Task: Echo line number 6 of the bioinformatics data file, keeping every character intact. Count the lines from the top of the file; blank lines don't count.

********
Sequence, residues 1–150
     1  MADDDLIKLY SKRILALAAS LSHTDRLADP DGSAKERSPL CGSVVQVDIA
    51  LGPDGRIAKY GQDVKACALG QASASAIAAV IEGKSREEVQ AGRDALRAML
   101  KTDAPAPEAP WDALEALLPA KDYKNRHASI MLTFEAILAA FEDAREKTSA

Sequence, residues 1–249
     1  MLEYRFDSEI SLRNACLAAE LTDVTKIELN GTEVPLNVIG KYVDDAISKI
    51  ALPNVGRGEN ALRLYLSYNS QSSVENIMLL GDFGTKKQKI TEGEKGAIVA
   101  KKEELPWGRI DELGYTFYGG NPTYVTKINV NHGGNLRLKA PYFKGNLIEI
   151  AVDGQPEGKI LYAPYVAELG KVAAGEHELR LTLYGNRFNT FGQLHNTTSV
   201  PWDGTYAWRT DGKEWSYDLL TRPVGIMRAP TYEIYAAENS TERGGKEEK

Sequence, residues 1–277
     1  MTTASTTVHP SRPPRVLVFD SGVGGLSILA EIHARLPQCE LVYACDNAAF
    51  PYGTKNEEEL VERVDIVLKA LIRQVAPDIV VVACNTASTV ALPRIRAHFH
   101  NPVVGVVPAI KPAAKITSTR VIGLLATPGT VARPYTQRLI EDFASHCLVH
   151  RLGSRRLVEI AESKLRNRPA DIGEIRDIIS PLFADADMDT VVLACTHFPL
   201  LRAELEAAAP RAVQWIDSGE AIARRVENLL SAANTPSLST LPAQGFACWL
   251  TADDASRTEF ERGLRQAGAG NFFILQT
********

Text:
     1  MLEYRFDSEI SLRNACLAAE LTDVTKIELN GTEVPLNVIG KYVDDAISKI